Logistics impacts from flooding in Houston and other parts of southeast Texas continue to spread as shippers and transportation providers cope with a regional interruption in port, truck, rail, and air freight shipment.
Port Houston said its terminals, which shut at mid-day last Friday in advance of Hurricane Harvey, will remain closed Wednesday. The ports of Corpus Christi, Freeport, and Galveston, Texas, also are closed. The Coast Guard said the channels at the ports of Beaumont and Port Arthur, Texas, and Lake Charles, Louisiana, remained open despite heavy rains in the area. Farther east, the Port of New Orleans was operating normally.
The Port of Corpus Christi, which handles breakbulk shipments of wind energy and project cargo in addition to petroleum and chemicals, was repairing “light to moderate” damage and working to restore power to its facilities and said it hopes to resume normal operations by next Monday, Sept. 4.
Before the port can reopen to vessel traffic, its channel must be cleared and declared safe. An oil drilling ship broke from its moorings Saturday, sank a tugboat, and beached in the ship channel’s entrance to the Gulf of Mexico. The 449-foot-long drilling ship is owned by Houston-based Paragon Offshore.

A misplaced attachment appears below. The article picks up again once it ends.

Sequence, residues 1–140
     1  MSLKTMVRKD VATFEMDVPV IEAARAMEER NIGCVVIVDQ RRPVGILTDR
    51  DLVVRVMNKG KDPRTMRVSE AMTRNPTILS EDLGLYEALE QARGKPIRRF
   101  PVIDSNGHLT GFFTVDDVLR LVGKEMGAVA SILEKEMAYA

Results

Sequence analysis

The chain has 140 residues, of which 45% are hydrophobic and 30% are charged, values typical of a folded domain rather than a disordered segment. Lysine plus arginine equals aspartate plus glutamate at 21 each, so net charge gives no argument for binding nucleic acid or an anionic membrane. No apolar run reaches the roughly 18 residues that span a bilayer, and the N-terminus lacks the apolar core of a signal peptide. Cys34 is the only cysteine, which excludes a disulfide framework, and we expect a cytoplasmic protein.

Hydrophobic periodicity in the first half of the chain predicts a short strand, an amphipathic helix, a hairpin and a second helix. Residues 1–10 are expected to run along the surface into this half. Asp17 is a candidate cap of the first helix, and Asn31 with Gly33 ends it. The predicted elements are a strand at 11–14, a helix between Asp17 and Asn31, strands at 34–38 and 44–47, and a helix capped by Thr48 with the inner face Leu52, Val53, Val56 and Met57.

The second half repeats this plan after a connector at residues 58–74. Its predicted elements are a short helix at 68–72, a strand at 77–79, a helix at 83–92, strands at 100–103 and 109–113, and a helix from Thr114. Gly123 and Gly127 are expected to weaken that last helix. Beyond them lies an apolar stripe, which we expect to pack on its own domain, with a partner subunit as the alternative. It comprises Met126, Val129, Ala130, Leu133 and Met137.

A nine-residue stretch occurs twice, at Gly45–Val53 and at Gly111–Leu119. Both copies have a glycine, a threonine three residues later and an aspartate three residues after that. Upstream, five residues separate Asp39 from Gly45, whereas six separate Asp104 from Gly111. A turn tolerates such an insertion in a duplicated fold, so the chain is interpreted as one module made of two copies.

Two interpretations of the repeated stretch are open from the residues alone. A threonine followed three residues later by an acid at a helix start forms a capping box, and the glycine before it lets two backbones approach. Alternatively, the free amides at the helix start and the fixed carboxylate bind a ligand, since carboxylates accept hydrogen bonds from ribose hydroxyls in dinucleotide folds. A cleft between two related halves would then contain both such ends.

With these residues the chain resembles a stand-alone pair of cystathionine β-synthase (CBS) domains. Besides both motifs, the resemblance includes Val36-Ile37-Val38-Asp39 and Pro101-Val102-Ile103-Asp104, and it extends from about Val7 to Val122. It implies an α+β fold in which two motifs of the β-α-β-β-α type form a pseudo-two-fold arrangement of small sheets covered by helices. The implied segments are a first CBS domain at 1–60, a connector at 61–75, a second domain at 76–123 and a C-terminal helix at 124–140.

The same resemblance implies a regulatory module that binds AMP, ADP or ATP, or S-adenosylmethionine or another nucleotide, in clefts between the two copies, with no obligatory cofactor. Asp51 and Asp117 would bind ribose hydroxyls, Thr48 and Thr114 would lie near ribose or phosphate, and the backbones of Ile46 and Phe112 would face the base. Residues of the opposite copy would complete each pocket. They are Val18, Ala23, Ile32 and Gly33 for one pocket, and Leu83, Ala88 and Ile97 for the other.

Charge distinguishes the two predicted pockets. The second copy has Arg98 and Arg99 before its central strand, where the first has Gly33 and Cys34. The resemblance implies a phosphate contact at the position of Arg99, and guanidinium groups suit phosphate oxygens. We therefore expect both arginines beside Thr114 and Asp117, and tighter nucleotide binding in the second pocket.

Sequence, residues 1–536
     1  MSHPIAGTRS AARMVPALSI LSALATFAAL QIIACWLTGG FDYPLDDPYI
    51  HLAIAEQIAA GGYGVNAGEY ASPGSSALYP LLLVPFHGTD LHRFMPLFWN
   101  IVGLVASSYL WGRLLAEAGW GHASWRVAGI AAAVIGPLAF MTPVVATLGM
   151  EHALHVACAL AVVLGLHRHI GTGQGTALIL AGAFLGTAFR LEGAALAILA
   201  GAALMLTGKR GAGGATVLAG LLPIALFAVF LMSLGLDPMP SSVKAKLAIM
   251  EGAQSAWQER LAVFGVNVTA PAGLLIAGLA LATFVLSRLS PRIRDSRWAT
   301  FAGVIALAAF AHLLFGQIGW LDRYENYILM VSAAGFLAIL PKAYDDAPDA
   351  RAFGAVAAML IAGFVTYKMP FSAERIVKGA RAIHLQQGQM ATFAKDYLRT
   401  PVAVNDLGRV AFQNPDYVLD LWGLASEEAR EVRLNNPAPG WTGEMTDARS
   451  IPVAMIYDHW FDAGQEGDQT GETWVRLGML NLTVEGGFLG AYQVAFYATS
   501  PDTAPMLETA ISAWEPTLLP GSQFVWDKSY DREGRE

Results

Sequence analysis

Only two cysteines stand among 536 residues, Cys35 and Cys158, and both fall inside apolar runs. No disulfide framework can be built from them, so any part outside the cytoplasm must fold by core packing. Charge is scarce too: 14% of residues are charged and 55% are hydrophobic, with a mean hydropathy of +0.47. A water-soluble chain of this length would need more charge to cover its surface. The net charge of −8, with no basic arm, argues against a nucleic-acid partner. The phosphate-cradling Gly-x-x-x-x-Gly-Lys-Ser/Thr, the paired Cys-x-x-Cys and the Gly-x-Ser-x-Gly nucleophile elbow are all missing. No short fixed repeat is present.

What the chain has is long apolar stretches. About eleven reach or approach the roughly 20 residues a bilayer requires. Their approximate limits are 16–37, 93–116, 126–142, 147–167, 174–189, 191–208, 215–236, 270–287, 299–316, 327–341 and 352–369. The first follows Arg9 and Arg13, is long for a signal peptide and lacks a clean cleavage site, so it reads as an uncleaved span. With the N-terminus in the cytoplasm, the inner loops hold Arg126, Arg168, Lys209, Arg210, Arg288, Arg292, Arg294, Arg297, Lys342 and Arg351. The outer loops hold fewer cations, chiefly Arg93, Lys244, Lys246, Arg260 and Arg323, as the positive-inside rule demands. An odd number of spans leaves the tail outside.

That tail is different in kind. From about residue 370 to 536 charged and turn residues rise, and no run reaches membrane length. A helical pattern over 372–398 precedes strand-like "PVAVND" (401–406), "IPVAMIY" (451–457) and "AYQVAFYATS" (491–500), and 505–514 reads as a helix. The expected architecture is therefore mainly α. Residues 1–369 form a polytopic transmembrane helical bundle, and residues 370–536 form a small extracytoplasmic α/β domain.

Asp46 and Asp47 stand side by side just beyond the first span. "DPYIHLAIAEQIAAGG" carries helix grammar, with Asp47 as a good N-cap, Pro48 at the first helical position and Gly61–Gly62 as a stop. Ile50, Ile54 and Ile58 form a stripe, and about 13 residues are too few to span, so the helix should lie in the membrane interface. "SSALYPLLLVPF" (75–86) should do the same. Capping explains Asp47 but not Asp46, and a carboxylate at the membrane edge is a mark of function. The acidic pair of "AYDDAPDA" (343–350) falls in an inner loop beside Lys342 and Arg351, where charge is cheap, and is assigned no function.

Houston handles more than two-thirds of US Gulf container traffic, with more than 1 million laden TEU during the first half of this year. The port also is a center for oil and petrochemical shipments and breakbulk and project cargo port, and is the primary regional management center for ocean carriers.
Port Houston has taken a day-to-day approach to reopening its container and breakbulk terminals. Terminals and nearby warehouses reportedly sustained little damage, but the port cannot return to full operation until the Coast Guard certifies that channels are safe and until flooding in surrounding areas subsides so that employees can return to work.
Container lines have been waiting and hoping port terminals will reopen soon, but are starting to adjust schedules in response to the port shutdown and have warned customers that cargo will be delayed.
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